Caregiving Challenges: What are ADLs and IADLs?
You hear the terms "ADL" and "IADL" among healthcare professionals, but what do they mean and are they relevant to you and your loved one?
ADLs = Activities of Daily Living
IADLs = Instrumental Activities of Daily Living
As your loved one ages in place, you may be asked by healthcare professionals whether your loved one needs any help with ADLs or IADLs. You'll want to understand what these mean and know how to answer.
ADLs and IADLs represent key life tasks that people need to be able to manage in order to live at home and be independent. While ADLs are basic self-care tasks, IADLs require complex planning and thinking. As a caregiver, it is good to familiarize yourself with these terms and the related skills.
ADLs, or activities of daily living, are more basic tasks that are essential to independent living and are related to personal care.
- Bathing or showering - use of a tub or shower chair and grab bars is acceptable.
- Dressing and undressing - use of grabbers or other assistive devices is acceptable.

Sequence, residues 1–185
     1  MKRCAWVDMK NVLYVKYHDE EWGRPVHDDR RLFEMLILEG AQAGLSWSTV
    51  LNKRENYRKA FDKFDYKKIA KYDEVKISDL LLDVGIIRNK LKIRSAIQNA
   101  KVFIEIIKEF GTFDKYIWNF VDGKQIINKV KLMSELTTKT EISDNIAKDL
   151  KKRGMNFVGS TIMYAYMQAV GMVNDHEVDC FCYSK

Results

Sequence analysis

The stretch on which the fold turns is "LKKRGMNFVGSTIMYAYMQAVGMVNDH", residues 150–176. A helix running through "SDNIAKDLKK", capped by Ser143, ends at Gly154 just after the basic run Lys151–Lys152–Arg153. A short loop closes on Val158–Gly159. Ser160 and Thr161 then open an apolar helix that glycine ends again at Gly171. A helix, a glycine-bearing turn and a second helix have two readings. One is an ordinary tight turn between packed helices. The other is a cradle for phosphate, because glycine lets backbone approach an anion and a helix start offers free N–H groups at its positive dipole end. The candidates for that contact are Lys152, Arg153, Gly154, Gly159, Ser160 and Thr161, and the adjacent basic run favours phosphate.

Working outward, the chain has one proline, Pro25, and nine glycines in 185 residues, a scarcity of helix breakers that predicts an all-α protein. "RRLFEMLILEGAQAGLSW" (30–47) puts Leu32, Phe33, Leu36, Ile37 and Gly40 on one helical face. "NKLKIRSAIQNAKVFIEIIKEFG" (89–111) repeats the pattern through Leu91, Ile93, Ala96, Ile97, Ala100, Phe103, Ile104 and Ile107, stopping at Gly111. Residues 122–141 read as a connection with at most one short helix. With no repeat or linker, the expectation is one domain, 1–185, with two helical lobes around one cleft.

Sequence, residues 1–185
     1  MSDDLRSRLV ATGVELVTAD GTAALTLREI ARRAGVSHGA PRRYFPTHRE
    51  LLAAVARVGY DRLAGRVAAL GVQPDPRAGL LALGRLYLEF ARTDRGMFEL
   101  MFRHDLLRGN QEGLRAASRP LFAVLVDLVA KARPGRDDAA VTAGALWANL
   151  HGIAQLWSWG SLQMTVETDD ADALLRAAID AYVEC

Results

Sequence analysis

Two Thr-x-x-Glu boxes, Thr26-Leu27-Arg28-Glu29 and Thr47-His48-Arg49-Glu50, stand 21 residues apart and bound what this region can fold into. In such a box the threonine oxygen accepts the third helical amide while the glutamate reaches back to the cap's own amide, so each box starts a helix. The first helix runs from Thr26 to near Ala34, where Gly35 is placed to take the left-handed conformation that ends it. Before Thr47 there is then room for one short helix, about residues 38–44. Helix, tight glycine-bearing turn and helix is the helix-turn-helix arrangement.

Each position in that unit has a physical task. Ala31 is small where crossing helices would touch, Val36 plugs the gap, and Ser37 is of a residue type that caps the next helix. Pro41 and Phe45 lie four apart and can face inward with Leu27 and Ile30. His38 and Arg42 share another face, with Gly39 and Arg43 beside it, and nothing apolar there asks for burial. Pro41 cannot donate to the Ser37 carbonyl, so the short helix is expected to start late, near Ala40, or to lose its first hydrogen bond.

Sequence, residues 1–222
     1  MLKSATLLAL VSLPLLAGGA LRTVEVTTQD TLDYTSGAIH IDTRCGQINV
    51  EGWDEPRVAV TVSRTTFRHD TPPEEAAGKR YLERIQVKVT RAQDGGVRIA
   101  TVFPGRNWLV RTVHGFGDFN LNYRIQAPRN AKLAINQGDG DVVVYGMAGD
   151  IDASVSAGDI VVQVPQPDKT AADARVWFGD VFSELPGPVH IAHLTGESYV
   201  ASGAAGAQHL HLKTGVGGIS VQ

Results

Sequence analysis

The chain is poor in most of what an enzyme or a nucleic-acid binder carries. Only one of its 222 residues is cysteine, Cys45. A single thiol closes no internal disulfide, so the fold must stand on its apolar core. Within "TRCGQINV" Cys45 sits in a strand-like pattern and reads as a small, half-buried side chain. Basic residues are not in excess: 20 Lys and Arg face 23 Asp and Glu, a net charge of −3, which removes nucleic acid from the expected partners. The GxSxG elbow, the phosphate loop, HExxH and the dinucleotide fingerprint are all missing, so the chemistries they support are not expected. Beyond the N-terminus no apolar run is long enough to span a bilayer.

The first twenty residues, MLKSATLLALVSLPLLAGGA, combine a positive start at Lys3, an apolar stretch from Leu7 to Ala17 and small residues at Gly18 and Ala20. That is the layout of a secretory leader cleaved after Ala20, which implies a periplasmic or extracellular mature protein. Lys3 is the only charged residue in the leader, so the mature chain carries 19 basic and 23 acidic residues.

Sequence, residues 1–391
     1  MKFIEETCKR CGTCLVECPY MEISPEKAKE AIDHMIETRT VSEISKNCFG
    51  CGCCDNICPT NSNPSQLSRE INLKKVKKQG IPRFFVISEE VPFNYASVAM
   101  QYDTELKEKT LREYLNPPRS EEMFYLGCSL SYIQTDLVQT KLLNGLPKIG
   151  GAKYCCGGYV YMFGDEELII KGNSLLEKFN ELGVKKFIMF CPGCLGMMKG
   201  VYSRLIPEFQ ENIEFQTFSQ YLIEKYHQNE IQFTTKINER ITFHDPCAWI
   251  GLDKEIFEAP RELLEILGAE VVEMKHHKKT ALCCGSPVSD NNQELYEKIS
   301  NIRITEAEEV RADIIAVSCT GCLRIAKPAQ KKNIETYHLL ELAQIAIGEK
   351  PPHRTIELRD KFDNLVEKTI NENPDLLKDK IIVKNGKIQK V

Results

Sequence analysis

- Grooming - attending to their personal appearance (face, hair, nails).
- Transferring - being able to move from one surface to another. Bed to a chair, chair to wheelchair, bed or chair to a walker or other assistive device.
- Ambulation (walking) - the use of assistive devices is acceptable.
- Toileting - getting on and off the toilet, using it appropriately, cleaning oneself, and managing any incontinence products. The use of grab bars is acceptable.
- Eating (feeding self) - can handle utensils and move foods and liquids to their mouth without assistance.
For each ADL, people can vary from needing no help, to needing a little help, to full dependency. Full dependency requires others to do the task for them.